This morning, I opened the garage door to witness an adult Canada goose leading four chicks up the sidewalk and into the woods across the street. Most goslings I’ve observed are bookended by their parents on land and in the water. “Where’s the father?” crossed my mind, and a few possibilities presented themselves, along with the realization that we do this all the time. We create stories to match what we see, often without factual information in order to make sense of our world.
Several years ago, we moved my parents closer to us to better care for my dad. Once most boxes had been unpacked and furniture in place, my mom worried that her grandmother’s quilt had been lost. Where was it? After a moment, her story unfolded, “I told the movers they could have the television. They dropped it off at their home and had to move the box the quilt was in to get to the television. They must have forgotten to put the box with the quilt back on the truck.” She had created a story to account for her quilt and believed it. We uncovered the quilt later that night in a box we’d yet to unpack.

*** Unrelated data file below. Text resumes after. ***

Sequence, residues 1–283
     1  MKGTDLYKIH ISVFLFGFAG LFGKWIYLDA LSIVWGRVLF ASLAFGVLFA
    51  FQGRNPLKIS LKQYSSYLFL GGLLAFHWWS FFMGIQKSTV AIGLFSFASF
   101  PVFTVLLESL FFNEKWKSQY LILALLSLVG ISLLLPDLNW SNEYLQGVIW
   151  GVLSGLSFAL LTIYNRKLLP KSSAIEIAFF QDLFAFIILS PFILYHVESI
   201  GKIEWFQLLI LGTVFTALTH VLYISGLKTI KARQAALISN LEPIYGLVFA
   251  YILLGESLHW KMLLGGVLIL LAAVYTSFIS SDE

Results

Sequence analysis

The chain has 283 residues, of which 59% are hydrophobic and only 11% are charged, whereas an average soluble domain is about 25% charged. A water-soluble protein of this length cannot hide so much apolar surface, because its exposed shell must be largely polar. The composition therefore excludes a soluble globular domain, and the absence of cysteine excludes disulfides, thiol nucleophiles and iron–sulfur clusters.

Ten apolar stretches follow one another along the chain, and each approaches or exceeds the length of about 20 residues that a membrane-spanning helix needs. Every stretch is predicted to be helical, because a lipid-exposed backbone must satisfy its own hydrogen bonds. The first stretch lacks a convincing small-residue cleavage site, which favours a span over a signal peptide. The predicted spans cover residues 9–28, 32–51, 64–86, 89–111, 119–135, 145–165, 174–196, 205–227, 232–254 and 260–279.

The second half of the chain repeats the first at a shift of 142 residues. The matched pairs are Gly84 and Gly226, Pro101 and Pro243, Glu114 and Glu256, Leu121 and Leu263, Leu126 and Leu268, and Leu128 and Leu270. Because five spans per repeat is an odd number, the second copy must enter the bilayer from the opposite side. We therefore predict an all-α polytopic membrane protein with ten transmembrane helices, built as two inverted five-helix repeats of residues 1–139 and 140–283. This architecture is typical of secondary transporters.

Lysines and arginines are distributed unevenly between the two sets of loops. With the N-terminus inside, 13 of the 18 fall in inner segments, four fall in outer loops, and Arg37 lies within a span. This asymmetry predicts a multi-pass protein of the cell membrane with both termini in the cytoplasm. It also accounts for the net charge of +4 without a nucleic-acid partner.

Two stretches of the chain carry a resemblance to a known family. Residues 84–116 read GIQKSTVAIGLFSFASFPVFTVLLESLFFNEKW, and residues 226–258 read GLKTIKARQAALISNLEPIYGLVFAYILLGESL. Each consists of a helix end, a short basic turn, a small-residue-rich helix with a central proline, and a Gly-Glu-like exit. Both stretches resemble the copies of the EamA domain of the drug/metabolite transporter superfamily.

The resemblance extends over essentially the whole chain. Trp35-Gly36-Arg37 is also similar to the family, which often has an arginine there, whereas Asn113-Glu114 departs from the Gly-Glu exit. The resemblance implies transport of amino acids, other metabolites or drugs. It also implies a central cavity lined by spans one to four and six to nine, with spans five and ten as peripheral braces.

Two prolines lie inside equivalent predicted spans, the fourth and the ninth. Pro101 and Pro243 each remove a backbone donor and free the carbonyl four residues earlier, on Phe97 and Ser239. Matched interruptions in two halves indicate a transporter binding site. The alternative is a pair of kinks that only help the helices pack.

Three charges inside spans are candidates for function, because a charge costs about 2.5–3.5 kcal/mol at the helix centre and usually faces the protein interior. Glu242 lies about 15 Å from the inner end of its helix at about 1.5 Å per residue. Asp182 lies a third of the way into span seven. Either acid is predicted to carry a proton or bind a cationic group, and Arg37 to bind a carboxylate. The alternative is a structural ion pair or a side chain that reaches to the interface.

How often do we create a story around something so that it aligns with our beliefs, values and biases? We are quick to judge someone by their looks, mannerisms or reactions. It’s easier to make up a story on little or no factual data rather than to sit with uncertainty. Yet, what we don’t know is far greater than what we do know.
As I watched the geese saunter into the woods with only one adult leading, I’m reminded to assess what I know to be true and to allow myself the grace of not knowing. What story have you hatched?